Behold, how good and how pleasant it is For brothers to live together in unity!
Psalm 133 from the daily reading in the One Year Bible
Behold, how good and how pleasant it is
For brothers to live together in unity!
2 It is like the precious oil on the head,
Running down upon the beard,
As on Aaron’s beard,
The oil which ran down upon the edge of his robes.
3 It is like the dew of Hermon
Coming down upon the mountains of Zion;
For the Lord commanded the blessing there—life forever.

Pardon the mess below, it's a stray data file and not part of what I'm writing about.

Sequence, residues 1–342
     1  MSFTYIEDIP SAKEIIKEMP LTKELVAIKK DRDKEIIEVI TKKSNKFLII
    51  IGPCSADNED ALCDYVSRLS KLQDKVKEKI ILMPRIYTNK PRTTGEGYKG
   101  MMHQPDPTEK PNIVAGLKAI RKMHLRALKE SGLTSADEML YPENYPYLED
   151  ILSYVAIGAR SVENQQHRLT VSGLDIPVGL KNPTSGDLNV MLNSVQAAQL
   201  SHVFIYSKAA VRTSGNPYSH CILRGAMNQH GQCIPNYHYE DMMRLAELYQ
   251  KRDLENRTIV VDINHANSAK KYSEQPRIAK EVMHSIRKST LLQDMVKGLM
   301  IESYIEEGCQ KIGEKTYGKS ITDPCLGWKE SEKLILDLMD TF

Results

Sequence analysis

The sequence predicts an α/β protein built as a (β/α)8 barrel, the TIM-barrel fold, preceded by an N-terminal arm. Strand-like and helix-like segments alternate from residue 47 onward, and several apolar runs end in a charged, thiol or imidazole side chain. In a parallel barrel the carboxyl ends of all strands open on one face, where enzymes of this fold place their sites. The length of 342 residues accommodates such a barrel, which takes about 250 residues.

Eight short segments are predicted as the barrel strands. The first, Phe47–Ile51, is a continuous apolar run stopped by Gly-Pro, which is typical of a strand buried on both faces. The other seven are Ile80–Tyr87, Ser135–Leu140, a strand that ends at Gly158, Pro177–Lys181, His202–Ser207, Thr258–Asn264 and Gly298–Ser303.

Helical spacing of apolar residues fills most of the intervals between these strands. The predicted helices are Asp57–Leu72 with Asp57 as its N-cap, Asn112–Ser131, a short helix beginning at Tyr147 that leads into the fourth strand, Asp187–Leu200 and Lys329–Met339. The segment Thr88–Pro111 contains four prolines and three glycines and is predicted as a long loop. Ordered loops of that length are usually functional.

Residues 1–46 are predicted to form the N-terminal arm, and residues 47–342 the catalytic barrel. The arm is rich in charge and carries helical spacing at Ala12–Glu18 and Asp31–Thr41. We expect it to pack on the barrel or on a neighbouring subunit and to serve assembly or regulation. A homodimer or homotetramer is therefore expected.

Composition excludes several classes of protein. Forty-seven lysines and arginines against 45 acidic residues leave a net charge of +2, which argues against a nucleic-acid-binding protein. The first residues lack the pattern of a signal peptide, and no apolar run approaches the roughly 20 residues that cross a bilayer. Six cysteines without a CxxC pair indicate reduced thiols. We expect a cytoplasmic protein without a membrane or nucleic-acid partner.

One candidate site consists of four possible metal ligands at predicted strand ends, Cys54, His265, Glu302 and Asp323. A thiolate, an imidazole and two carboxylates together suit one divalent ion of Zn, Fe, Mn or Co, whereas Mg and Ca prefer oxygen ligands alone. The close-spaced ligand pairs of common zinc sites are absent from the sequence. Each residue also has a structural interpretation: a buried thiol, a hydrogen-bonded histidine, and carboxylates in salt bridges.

It seems like a very simple and natural statement that the psalmist makes: Behold, how good and how pleasant it is For brothers to live together in unity! When we look at scripture, we see that it is not always so simple. Look at the account of the first brothers in the Bible in Genesis 4:2-8: Abel was a keeper of flocks, but Cain was a cultivator of the ground. So it came about in the course of time that Cain brought an offering to the Lord from the fruit of the ground. Abel, on his part also brought an offering, from the firstborn of his flock and from their fat portions. And the Lord had regard for Abel and his offering; but for Cain and his offering He had no regard. So Cain became very angry and his face was gloomy. Then the Lord said to Cain, “Why are you angry? And why is your face gloomy? If you do well, will your face not be cheerful? And if you do not do well, sin is lurking at the door; and its desire is for you, but you must master it.” Cain talked to his brother Abel; and it happened that when they were in the field Cain rose up against his brother Abel and killed him.